Arwen Undómiel at the Feast in Rivendell. A Woman in Whom it Was Said That The Likeness of Lúthien Had Come Again on Earth.

The Fellowship of the Ring by J.R.R Tolkien (Harper Collins 1991) pp. 220-21

There is one more person to whom Frodo pays attention at the table at which he sits in a place of honour and Tolkien devotes more space to her than he does to Elrond, Gandalf and Glorfindel put together. This is the first time that we meet the daughter of Elrond, the Lady Arwen of Rivendell, Arwen Undómiel, the Evenstar of her people, “in whom it was said that the likeness of Lúthien had come on earth again.”

Arwen, as she creates the royal standard of the King of Gondor and Arnor, by Anna Kulisz

Frodo’s attention to his fellow diners is more akin to a visitor to one of the great art galleries of the world than to a guest enjoying the company that he finds himself in. Even Gandalf, who he knows well, is presented to him, and to us, in his symbolic guise. The excellence of the food upon his plate provides him ample excuse for not worrying about his situation. When was the last time that Frodo enjoyed a good meal? Was it at the Prancing Pony almost four weeks before? He need not worry overmuch about other matters, not just yet at any rate.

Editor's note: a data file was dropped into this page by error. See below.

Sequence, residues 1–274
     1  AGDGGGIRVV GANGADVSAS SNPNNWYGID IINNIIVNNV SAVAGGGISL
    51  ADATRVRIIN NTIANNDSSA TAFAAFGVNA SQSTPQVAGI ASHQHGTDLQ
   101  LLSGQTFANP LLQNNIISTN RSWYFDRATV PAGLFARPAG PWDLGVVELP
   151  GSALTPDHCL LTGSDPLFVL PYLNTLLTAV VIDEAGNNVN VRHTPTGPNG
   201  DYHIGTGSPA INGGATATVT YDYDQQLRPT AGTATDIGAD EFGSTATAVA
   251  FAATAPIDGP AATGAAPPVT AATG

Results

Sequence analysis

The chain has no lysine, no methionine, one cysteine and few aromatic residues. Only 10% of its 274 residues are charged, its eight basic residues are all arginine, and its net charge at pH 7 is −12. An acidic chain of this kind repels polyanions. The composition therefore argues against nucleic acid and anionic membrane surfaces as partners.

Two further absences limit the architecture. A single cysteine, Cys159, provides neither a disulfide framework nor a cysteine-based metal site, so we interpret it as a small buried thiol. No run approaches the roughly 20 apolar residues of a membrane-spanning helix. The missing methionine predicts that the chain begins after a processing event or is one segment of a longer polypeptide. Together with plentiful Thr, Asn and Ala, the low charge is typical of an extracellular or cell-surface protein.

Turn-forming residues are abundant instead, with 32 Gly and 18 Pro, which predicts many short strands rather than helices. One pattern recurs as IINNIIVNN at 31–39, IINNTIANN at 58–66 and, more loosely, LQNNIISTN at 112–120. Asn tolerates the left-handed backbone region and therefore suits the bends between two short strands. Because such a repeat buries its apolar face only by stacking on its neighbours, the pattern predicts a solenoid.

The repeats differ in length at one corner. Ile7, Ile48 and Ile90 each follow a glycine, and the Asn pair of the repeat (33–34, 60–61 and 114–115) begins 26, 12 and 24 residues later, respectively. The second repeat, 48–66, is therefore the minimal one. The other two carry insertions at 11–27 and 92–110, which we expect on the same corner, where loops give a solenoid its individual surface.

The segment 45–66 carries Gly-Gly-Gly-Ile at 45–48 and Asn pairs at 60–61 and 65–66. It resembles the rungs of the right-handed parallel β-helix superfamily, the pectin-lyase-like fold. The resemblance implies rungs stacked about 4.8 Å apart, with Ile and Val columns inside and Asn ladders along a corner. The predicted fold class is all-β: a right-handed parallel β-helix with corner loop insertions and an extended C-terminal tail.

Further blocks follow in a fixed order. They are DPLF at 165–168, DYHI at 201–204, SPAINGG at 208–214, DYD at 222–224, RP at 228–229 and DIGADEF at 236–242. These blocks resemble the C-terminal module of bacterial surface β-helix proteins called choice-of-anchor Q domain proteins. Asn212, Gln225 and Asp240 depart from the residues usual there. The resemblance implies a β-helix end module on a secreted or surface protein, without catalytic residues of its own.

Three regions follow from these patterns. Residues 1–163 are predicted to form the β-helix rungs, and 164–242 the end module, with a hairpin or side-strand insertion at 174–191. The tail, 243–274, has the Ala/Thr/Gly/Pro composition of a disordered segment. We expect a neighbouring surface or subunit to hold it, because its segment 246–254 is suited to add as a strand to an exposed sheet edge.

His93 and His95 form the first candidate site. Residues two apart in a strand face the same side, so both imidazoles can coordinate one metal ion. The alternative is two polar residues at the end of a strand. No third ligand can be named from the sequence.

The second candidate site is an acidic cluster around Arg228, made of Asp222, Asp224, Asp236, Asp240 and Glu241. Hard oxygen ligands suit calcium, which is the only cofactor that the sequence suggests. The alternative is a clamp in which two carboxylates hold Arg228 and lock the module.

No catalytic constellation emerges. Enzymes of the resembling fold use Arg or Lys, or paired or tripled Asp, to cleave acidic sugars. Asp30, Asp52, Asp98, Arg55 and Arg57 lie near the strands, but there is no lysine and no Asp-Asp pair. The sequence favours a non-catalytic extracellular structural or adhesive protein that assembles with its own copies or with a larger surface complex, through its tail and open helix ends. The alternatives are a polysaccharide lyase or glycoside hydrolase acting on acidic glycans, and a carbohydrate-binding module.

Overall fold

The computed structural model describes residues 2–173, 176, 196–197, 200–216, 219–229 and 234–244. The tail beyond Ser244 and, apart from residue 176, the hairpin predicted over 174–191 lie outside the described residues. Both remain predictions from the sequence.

Frodo has seen great beauty before in the house of Tom Bombadil in the person of Goldberry but there “less keen and lofty was the delight, but deeper and nearer to human heart; marvellous and yet not strange.”

Arwen has an altogether different effect. “Such loveliness in living thing Frodo had never seen before nor imagined in his mind”. Goldberry’s beauty was of an order in which Frodo might feel that he could be close to even as Tom Bombadil was close. Tom might be eldest but he is close to the same soil that nurtures hobbits, the soil that he speaks of approvingly when he speaks of Farmer Maggot. Goldberry belongs to the “little rivers” in which Frodo delights, whose loveliness has nurtured his heart all his life. Arwen is of another order altogether. Frodo may, on reflection, use the word, loveliness in thinking of her, but in gazing upon Arwen he knows that he will never use that word in quite the same way again, or that he will never quite feel that the word could possibly do justice to the one he has tried to describe in this manner. Either he will have to find new words, (and what words might they be?) or he will be reduced to wordless admiration, to silence. He will have to learn how to gaze upon such beauty for a long time in order to be able to appreciate it as it should be. One day, in the Undying Lands, he will have such opportunity.